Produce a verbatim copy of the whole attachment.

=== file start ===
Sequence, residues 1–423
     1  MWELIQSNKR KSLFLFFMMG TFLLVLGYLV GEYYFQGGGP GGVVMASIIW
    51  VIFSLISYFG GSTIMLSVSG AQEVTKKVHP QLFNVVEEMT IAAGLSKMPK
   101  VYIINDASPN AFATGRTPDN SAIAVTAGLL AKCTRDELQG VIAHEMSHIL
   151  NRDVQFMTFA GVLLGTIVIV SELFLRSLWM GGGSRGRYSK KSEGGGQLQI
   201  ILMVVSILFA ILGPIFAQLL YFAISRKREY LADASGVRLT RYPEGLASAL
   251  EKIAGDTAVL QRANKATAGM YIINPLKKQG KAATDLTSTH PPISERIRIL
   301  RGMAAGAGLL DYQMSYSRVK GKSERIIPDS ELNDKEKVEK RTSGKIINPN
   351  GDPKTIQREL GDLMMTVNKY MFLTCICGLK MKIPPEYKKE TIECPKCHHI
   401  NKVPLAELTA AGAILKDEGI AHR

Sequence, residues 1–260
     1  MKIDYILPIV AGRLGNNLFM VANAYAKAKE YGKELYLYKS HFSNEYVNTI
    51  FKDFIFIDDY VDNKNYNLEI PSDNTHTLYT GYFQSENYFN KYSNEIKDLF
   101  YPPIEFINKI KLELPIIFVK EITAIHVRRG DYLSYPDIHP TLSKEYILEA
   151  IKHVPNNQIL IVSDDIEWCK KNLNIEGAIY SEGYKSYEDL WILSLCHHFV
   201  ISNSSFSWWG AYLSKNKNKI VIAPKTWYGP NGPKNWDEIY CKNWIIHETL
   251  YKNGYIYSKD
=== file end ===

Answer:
Sequence, residues 1–423
     1  MWELIQSNKR KSLFLFFMMG TFLLVLGYLV GEYYFQGGGP GGVVMASIIW
    51  VIFSLISYFG GSTIMLSVSG AQEVTKKVHP QLFNVVEEMT IAAGLSKMPK
   101  VYIINDASPN AFATGRTPDN SAIAVTAGLL AKCTRDELQG VIAHEMSHIL
   151  NRDVQFMTFA GVLLGTIVIV SELFLRSLWM GGGSRGRYSK KSEGGGQLQI
   201  ILMVVSILFA ILGPIFAQLL YFAISRKREY LADASGVRLT RYPEGLASAL
   251  EKIAGDTAVL QRANKATAGM YIINPLKKQG KAATDLTSTH PPISERIRIL
   301  RGMAAGAGLL DYQMSYSRVK GKSERIIPDS ELNDKEKVEK RTSGKIINPN
   351  GDPKTIQREL GDLMMTVNKY MFLTCICGLK MKIPPEYKKE TIECPKCHHI
   401  NKVPLAELTA AGAILKDEGI AHR

Sequence, residues 1–260
     1  MKIDYILPIV AGRLGNNLFM VANAYAKAKE YGKELYLYKS HFSNEYVNTI
    51  FKDFIFIDDY VDNKNYNLEI PSDNTHTLYT GYFQSENYFN KYSNEIKDLF
   101  YPPIEFINKI KLELPIIFVK EITAIHVRRG DYLSYPDIHP TLSKEYILEA
   151  IKHVPNNQIL IVSDDIEWCK KNLNIEGAIY SEGYKSYEDL WILSLCHHFV
   201  ISNSSFSWWG AYLSKNKNKI VIAPKTWYGP NGPKNWDEIY CKNWIIHETL
   251  YKNGYIYSKD